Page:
5 Tricky Conditions You Might THINK are Hairballs
When Karen’s beloved cat, Fluffy, began coughing and hacking in the corner, she naturally assumed it was just another hairball. However, after countless hairball remedies failed to provide relief, Karen grew concerned that there might be more to Fluffy’s condition than meets the eye.
Cats can eat just about anything, including grass, dirt, leaves, sticks, toys, paper, string, and even plastic bags. But some things you might think are harmless, like fleas and ticks, could make your cat sick. And while it sounds gross, a trichobezoar is a type of hairball that occurs when a cat swallows hair.
What is a Cat Hairball?
A hairball is a mass of loose hair that accumulates in the digestive tract of animals such as cats and dogs. It is usually caused by overeating food in one sitting. The hairballs formed in this way are often difficult to remove from the animal’s stomach because they become stuck together. They can cause severe discomfort and even death if they enter the lungs.
Hairballs are common in long-haired breeds and occur when the pet eats too quickly, causing food particles to remain in the mouth longer than usual. This causes the saliva to thicken and coat the food particles, forming a sticky mucus. When swallowed, these substances stick together to form a ball of hair.
Symptoms include vomiting, diarrhea, weight loss, lethargy, coughing, difficulty breathing, and sometimes blood in the stool. See your veterinarian immediately if you notice your cat or dog has a hairball problem. Left untreated, it can cause underlying intestinal diseases such as inflammatory bowel disease.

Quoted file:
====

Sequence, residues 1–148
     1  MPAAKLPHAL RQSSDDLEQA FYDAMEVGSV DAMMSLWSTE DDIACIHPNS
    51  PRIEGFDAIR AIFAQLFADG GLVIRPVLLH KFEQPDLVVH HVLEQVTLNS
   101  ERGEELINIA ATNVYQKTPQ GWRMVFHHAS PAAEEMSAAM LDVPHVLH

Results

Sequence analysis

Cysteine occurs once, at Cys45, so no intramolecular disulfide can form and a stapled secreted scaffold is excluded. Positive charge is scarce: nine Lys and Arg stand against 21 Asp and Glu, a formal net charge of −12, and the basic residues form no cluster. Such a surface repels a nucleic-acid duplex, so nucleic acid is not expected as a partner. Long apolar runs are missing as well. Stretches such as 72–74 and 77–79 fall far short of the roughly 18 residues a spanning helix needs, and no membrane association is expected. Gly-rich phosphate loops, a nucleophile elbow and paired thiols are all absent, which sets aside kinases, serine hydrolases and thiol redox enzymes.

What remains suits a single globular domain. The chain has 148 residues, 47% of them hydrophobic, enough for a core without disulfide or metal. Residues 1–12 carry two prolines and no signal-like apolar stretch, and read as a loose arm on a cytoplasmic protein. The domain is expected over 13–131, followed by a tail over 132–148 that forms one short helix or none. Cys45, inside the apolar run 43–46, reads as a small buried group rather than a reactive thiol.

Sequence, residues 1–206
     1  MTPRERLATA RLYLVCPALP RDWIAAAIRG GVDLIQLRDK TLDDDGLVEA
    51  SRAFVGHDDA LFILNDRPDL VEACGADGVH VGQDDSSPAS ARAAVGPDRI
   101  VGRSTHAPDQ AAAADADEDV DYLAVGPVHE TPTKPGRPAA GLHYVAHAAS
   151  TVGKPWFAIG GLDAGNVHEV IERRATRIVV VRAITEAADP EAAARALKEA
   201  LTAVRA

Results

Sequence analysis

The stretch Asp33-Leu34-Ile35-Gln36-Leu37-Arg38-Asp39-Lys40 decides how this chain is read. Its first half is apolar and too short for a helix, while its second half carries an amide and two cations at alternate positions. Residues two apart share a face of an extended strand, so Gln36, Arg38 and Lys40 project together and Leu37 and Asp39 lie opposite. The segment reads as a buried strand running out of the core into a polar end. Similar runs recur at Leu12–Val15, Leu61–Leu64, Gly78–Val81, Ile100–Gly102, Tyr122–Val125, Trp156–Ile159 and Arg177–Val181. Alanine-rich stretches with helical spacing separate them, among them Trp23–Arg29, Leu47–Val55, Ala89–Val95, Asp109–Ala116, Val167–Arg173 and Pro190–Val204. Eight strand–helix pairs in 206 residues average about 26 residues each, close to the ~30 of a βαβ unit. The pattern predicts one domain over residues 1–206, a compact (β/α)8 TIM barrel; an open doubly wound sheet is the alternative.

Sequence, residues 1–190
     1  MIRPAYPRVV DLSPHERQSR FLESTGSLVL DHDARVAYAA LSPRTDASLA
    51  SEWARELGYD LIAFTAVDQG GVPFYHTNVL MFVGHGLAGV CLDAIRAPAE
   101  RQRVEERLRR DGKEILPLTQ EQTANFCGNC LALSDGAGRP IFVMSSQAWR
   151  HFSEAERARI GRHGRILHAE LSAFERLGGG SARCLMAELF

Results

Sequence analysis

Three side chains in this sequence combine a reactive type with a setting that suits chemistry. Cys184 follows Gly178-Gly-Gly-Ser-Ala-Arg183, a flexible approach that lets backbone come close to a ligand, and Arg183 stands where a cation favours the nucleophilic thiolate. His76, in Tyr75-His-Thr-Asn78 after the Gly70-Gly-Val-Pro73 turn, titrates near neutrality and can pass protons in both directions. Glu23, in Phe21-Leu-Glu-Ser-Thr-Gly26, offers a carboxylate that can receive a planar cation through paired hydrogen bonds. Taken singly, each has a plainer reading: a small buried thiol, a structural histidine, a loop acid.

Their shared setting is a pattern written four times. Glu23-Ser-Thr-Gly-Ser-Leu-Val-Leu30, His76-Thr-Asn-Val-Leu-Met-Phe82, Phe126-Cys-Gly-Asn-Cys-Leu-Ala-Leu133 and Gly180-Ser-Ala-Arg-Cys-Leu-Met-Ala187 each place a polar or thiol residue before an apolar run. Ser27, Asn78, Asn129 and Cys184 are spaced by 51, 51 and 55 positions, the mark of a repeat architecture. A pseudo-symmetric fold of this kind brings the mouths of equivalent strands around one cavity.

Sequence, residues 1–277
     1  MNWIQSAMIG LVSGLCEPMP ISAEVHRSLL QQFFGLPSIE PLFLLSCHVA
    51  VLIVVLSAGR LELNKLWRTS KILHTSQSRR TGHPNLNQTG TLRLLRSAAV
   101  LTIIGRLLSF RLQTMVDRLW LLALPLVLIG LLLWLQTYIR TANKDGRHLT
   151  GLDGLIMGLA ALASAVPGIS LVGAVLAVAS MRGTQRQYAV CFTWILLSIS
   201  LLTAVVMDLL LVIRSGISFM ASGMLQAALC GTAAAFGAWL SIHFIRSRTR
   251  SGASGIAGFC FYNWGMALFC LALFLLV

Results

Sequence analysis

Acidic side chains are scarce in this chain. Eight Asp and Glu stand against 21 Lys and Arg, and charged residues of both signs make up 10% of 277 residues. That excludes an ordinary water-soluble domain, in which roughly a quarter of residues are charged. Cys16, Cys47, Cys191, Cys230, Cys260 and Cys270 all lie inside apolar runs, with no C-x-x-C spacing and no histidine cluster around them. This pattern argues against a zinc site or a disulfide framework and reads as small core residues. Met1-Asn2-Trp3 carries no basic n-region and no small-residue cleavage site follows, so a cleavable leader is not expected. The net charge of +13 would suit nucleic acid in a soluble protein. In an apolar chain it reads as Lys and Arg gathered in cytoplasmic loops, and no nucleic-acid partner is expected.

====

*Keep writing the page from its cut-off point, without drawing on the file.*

Dry cough and asthma are common in dogs and cats. They’re usually harmless and not serious. But sometimes, they can be mistaken for a hairball. Asthma affects between 1% to 5% of cats. There are several reasons why this happens.
- When your cat swallows food, it may become stuck in its throat. This causes irritation and inflammation of the tracheal and laryngeal membranes, which leads to coughing.
- Some cat foods cause vomiting, which makes them appear similar to a hairball.
- Certain types of medications can cause coughing. Fourth, some illnesses, such as heartworm disease, can cause coughing.
- Many cat owners believe that coughing is a sign of a hairball problem.
Grass ingestion is common among cats, especially when they’re eating grassy foods like hay, straw, and corn. It is usually harmless, but some pet owners mistakenly believe that their cat has ingested hairballs, and they take drastic measures to treat the problem and help their felines pass a hairball.
However, most grass ingestions are due to the pet chewing on grasses or other plant material. Grass ingestion occurs because the pet ingests grasses whole rather than breaking them down in its mouth. This causes the pet to swallow large amounts of grass, which eventually leads to stomach discomfort.